The Forest Foundation, which has supported the arts and education in California and Illinois since 1963, is donating several sculptures and more than three dozen pedestals and sculptural stands to the Westmont Ridley-Tree Museum of Art. Museum officials are working with Brander Vineyard to create a long-term sculpture exhibition at the Santa Ynez winery.
“Navigating COVID-19 is stressful, and the arts are critical now more than ever,” says Shana Squire Majmudar on behalf of the Forest Foundation Board of Directors. “The Forest Foundation, which is ending after more than five decades of supporting the arts and education at the community level, is proud to donate to Westmont and confident the donation will continue that mission.”
The gift includes the Lifshitz sculptural collection, works by Graham Keeble, and a pair of chairs by the late artist Morris B. Squire, a Forest Foundation benefactor.
The exhibition at Brander will include sculptures from other artists, private collectors, dealers and institutions. “Because of the restrictions to visitors at our campus location, the project with Brander will offer new opportunities for exhibiting our collections to new audiences in the Santa Ynez Valley,” says Judy L. Larson, R. Anthony Askew professor in art and Westmont Ridley-Tree Museum of Art director. “Fred Brander is a major collector of Mexican folk art and has a well-honed artistic eye for color and form. The sculptural installation will include several works that are fun and whimsical.”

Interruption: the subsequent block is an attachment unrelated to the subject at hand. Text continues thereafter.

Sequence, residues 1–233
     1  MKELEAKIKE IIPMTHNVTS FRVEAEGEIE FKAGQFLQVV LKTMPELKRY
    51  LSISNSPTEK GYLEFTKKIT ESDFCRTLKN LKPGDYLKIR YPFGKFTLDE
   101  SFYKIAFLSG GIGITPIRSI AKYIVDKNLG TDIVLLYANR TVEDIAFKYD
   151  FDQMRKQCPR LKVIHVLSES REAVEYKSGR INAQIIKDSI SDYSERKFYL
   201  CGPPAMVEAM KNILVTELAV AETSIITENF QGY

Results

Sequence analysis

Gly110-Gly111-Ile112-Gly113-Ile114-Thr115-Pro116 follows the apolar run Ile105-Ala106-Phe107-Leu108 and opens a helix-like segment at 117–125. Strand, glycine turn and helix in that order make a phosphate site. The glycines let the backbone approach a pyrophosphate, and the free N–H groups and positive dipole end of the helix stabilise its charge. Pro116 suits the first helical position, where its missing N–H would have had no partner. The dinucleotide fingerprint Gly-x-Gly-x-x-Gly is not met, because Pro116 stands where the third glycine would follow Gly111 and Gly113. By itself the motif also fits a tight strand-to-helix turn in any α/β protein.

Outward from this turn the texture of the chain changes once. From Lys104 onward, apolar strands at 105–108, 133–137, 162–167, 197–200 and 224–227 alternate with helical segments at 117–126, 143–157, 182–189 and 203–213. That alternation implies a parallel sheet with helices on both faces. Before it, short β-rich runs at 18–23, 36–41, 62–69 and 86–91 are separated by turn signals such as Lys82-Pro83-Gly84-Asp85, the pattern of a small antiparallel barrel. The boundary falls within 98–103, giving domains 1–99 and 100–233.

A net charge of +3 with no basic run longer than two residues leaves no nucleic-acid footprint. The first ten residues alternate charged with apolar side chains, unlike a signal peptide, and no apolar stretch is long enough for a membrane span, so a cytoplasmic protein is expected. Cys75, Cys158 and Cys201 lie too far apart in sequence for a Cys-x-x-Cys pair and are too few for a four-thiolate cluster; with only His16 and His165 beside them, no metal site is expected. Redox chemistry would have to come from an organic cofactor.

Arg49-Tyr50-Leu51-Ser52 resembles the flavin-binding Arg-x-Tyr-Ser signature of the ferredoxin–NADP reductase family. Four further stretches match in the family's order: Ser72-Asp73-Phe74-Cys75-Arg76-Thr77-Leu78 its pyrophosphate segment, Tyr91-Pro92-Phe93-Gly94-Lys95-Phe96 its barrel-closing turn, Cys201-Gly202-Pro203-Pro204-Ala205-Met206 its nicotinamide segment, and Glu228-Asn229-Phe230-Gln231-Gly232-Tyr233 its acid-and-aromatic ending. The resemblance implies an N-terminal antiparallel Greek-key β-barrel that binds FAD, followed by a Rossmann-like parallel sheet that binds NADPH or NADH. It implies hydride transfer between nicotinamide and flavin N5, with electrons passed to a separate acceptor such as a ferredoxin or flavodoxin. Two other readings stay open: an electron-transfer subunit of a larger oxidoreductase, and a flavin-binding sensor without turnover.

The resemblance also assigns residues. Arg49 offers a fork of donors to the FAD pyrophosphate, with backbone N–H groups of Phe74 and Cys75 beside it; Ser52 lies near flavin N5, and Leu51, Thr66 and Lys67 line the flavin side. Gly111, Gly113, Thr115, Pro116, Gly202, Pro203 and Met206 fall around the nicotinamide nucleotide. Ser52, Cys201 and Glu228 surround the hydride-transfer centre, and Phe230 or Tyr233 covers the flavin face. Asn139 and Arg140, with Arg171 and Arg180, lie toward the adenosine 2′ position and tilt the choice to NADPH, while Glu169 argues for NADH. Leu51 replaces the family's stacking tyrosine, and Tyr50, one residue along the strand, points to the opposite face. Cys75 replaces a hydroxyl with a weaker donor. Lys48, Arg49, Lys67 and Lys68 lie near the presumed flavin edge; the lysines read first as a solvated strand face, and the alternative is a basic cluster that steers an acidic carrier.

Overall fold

Larson says she was first introduced to the Keeble’s work through museum friends and donors Fima and Jere Lifshitz. “These assemblage-like works have a whimsy and a joy to them,” she says. “Made from diverse pieces of industrial materials, the sculptures come together to form a figure or an animal. People seem very drawn to this artist’s works.”
Keeble, a metal sculptor from Nevada City, California, began welding in 1994 as an 11- year old, salvaging scrap metal to create his early works. He graduated from the School of the Art Institute, Chicago, and casted and finished dozens of bronze monuments as foreman and manager at Sierra Sculpture.